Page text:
Strategy for Explaining HIV-AIDS

Tropical Africa has been known to be the possible origin of many epidemics. But this doesn’t mean that every epidemic that is mysterious has to be somehow attributed to Africa or everyone of African origin. The HIV-AIDS origin and the apparent prejudices which continue to be associated with it is a classic.

An objective discussion of disease in tropical Africa cannot skirt the issue that there is historically a legitimate reason to believe that most epidemics may have originated in tropical parts of the world in the process of human evolution(Lappe, 1994:13; McNeill, 1977; Karlen, 1995). However, today this evolutionary reality is mitigated by the fact that other  dramatic changes in the environment, medicine, travel and global social networks no longer make tropical Africa the obvious and prime source of disease. There are now drug resistant bacteria, pollutants, carcinogens, and ecological insults to ground water.

“Epidemics are again a regular part of the news. The genital herpes virus infects half the people in the United States. Chlamydia, virtually unknown until twenty years ago, has become the country’s most common infectious disease after the common cold. Germs that used to attack cats, rats, sheep, and monkeys have sickened people from Albuquerque to Moscow. Many forms of cancer are more common, and viruses are implicated in helping to cause several types. Viruses are also suspected of playing roles in chronic fatigue syndrome, Alzheimer’s disease, rheumatoid arthritis, systemic lupus, and multiple sclerosis. In recent years, syphilis, tuberculosis, measles, whooping cough, and diphtheria have surfaced not only in poor but in developed nations.”(Karlen, 1995:5)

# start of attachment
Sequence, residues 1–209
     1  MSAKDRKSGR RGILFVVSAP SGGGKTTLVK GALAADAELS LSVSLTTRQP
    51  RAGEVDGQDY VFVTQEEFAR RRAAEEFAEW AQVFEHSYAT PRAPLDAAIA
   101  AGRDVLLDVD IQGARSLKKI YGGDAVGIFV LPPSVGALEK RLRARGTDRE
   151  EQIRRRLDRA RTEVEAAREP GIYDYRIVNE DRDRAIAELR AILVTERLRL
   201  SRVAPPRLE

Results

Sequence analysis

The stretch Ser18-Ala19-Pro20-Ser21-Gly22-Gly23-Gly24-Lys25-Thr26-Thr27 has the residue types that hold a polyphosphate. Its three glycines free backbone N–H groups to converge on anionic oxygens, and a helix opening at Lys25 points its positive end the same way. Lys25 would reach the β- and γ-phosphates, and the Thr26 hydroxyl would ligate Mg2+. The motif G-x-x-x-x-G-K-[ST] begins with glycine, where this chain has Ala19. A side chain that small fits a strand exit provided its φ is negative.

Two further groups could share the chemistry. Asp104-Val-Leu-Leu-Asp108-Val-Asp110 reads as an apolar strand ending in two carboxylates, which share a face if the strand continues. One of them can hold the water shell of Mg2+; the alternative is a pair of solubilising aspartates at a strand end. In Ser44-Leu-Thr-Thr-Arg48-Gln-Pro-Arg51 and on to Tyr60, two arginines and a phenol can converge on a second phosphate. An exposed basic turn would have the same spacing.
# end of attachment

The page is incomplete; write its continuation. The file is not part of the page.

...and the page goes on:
This quote suggests that when science, spearheaded by he  Western media, continues to promote the one-germ-model, in the light of all the other contradictory factors and evidence, this may be not only wrong, but makes it difficult to find the real cause(s) of the HIV-AIDS epidemic. This may also result into the promotion of injurious public health policies and campaigns especially in Third World countries like those in Africa.